One million migrants and refugees arrived in Europe in 2015, according to the latest data from the United Nations (UN) and the International Organization for Migration (IOM).
In a joint statement on Tuesday, the UN and the IOM said that persecution, conflict and poverty had forced an "unprecedented" number of people to flee to Europe this year.
The vast majority of these people arrived by sea, with 972,500 having crossed the Mediterranean Sea as of December 21, according to UN figures. In addition, the IOM estimates that more than 34,000 people crossed from Turkey into Bulgaria and Greece by land in 2015.
Many thousands of these migrants are fleeing civil war in the Middle East or poverty in Africa. Most make the perilous journey across the Mediterranean Sea in order to reach southern European countries that are members of the European Union, such as Greece and Italy.
One-in-every-two of those crossing the Mediterranean this year – half a million people – were Syrians escaping the war in their country, according to the UN and the IOM. Of the rest, Afghans accounted for 20 percent and Iraqis for 7 percent.
The migrant crisis has been one of Europe's top concern this year, due to the dramatic rise in the numbers of people trying to reach its shores. Numbers crossing the Mediterranean increased steadily to a peak of more than 221,000 people in October from around 5,500 in January, according to the intergovernmental bodies.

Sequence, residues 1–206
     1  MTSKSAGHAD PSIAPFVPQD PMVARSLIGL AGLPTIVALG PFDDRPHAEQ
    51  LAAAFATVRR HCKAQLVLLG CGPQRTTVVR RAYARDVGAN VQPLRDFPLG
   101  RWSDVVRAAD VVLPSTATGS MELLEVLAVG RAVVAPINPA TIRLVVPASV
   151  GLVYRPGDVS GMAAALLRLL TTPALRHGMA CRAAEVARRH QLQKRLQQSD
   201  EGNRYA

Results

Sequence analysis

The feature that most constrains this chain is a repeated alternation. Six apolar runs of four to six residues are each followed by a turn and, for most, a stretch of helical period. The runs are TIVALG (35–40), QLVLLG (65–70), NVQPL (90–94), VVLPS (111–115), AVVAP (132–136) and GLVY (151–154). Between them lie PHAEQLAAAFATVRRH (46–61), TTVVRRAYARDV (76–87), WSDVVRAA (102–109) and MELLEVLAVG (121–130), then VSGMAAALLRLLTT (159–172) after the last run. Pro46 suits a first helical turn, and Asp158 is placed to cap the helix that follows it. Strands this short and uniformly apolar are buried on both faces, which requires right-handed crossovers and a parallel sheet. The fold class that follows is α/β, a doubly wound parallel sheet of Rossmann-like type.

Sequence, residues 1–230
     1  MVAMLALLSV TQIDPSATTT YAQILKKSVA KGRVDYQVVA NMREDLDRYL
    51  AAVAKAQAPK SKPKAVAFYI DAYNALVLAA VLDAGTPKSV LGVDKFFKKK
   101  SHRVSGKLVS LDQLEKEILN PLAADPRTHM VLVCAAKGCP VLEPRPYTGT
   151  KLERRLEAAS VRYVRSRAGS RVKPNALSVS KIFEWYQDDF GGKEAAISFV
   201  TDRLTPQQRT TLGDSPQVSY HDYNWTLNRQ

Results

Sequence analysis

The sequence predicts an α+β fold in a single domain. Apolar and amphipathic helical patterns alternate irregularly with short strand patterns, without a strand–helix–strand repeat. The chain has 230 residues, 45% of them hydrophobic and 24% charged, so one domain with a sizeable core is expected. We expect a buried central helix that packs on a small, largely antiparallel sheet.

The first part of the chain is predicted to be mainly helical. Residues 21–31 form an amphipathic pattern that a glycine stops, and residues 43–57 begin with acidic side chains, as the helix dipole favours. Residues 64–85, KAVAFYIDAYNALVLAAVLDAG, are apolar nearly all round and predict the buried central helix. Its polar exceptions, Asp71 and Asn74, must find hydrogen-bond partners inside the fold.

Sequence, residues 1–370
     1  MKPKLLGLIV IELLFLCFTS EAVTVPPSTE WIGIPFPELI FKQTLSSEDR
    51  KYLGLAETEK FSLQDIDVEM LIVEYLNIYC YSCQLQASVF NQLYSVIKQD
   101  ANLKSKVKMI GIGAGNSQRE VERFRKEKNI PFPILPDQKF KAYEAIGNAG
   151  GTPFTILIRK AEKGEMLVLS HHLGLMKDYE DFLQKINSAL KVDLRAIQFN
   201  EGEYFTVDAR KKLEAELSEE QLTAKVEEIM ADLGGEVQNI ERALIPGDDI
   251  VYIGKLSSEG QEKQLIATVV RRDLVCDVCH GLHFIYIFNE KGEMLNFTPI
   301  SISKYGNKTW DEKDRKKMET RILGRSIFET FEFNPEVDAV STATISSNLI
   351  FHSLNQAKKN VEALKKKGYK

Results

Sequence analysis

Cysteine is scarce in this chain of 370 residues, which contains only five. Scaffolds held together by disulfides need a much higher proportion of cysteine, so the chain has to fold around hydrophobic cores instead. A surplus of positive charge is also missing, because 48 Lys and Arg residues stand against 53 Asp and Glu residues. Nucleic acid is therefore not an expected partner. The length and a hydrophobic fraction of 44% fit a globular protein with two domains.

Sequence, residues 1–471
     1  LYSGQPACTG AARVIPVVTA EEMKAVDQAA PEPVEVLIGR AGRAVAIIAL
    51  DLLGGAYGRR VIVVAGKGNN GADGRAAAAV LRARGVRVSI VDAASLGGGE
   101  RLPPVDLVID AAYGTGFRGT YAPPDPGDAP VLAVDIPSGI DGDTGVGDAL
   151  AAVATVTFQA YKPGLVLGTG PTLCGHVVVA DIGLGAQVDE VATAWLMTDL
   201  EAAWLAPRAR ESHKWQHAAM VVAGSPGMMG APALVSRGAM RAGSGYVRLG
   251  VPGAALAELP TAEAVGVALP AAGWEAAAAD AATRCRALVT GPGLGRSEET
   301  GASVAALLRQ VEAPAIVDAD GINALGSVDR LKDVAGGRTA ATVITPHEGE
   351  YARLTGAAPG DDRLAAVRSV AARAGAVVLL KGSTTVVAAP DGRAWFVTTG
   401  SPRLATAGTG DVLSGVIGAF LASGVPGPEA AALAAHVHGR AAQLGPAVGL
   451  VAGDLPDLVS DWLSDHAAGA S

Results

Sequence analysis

More than 3,600 people died or went missing this year while crossing the Mediterranean Sea, the IOM and UN said.
The journey is highly dangerous and traumatic images of men, women and children who drowned have prompted emergency meetings of European leaders on how to deal with the crisis.
The issue has proved highly divisive, particularly in the wake of the Paris terrorist attacks and subsequent claims that jihadists had snuck into Europe in the guise of refugees.
In particular, the question of how to fairly distribute and rehouse possible refugees among the 28 nations within the European Union has proved divisive. Poorer Eastern European countries have rejected a quota system to receive people, saying it will only encourage more to come.
The IOM and the UN said that the number of people displaced by war and conflict this year was "the highest seen in Western and Central Europe since the 1990s, when several conflicts broke out in the former Yugoslavia."
The crisis has also highlighted painful truths about a rising tide of anti-immigration sentiment in Europe.
UN High Commissioner for Refugees António Guterres said in the joint statement on Tuesday that it was important to remember that migrants made a positive contribution to society.
"As anti-foreigner sentiments escalate in some quarters, it is important to recognize the positive contributions that refugees and migrants make to the societies in which they live and also honor core European values: Protecting lives, upholding human rights and promoting tolerance and diversity," he said.